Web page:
I/A Court H.R., Case of I.V. v. Bolivia. Preliminary Objections, Merits, Reparations and Costs. Judgment of November 30, 2016. Series C No. 329.

Non official brief

[This summary was developed by the Secretariat of the Inter-American Court of Human Rights. It relates only to the merits and reparations aspects of the judgment. A more detailed, official abstract (in Spanish only) is available on that Court’s website: http://www.corteidh.or.cr/

 

Facts - On 1 July 2000 the applicant, Ms IV, was sterilized after a caesarean delivery by a tubal ligation performed in the Women's Hospital of La Paz, Bolivia. She said that she was not informed or consulted prior to the sterilization procedure and only found out about the permanent loss of her reproductive capacity being told by a doctor the day after the surgery. The State rejected these claims, stating that she had verbally consented during the procedure and that the aim had been to protect her health and ultimately her life against a potential risk if she became pregnant again in the future. Despite the claims made by the applicant, no one was found responsible in disciplinary, administrative or criminal proceedings for the sterilization performed without his informed consent.

 

Law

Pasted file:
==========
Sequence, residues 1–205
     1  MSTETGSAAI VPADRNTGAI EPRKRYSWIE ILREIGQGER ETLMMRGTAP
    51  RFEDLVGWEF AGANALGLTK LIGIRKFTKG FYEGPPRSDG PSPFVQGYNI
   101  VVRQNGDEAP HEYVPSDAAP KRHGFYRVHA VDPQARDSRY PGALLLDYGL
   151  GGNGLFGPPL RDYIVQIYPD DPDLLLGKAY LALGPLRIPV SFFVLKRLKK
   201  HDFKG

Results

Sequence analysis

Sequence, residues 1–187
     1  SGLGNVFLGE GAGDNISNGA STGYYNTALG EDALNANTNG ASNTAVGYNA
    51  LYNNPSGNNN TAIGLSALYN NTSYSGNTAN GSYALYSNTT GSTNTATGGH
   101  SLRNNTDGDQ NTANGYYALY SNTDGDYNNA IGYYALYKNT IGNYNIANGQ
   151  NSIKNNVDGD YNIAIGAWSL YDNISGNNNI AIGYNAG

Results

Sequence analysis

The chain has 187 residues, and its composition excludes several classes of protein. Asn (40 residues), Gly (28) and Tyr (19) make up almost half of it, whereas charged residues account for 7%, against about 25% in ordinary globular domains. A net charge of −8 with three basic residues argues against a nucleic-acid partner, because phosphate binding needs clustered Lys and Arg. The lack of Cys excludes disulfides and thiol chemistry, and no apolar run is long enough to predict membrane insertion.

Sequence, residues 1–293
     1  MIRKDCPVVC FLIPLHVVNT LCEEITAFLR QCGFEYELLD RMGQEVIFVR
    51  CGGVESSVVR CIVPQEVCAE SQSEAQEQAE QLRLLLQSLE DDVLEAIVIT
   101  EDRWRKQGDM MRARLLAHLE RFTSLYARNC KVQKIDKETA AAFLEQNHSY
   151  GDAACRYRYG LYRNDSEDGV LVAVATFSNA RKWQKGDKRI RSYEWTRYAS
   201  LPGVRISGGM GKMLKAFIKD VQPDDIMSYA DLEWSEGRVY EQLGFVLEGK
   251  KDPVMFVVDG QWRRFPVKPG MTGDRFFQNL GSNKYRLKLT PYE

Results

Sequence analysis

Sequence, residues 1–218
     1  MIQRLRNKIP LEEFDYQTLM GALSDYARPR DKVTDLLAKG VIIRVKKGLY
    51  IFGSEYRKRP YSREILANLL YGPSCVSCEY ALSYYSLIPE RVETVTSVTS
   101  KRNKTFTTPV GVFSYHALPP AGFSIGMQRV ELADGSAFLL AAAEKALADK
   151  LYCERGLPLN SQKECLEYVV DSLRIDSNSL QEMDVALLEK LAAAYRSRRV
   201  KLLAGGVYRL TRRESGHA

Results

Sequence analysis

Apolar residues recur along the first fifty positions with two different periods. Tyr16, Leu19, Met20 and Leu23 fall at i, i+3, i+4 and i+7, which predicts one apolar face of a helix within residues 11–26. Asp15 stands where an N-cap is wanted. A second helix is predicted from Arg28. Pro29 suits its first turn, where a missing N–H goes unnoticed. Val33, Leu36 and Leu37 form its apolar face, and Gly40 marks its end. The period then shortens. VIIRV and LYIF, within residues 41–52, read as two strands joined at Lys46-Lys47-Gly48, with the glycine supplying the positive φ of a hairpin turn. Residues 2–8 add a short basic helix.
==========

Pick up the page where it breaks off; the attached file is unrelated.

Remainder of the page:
(a) Articles 4 (1) (Right to Life) and 5 (1) (Right to Personal Integrity) of the American Convention on Human Rights (ACHR) in conjunction with Article 1 (1) (Obligation to Respect and Ensure Rights) and Article 7 of the Inter-American Convention on the Prevention, Punishment and Eradication of Violence Against Women ("Convention of Belém do Pará") - Informed consent is an essential aspect of medical practice which is based on respect for autonomy and freedom of choice in each person's life plan It is not only an ethical duty, but also a binding legal obligation of the medical personnel, which forms part of a good medical practice and expertise (lex artis) in order to guarantee accessible and acceptable health services. Consent consists of a decision to willingly submit to a medical act.It must (i) be obtained prior to any medical act, the only exception being when an emergency or life threatening situation occurs and consent can not be obtained; (ii) be given in a free, voluntary and autonomous manner; and (iii) be full and informed. Informed consent is linked to the right to access information in the health field because a patient can only give free and informed consent after obtaining adequate, complete, reliable, comprehensible and accessible information which he or she must have fully understood. In sterilization cases consent can only be given by the woman concerned; Thus, the authorization of a partner or other party should not be requested.Informed consent is linked to the right to access information in the health field because a patient can only give free and informed consent after obtaining adequate, complete, reliable, comprehensible and accessible information which he or she must have fully understood. In sterilization cases consent can only be given by the woman concerned; Thus, the authorization of a partner or other party should not be requested. Informed consent is linked to the right to access information in the health field because a patient can only give free and informed consent after obtaining adequate, complete, reliable, comprehensible and accessible information which he or she must have fully understood. In sterilization cases consent can only be given by the woman concerned; Thus, the authorization of a partner or other party should not be requested.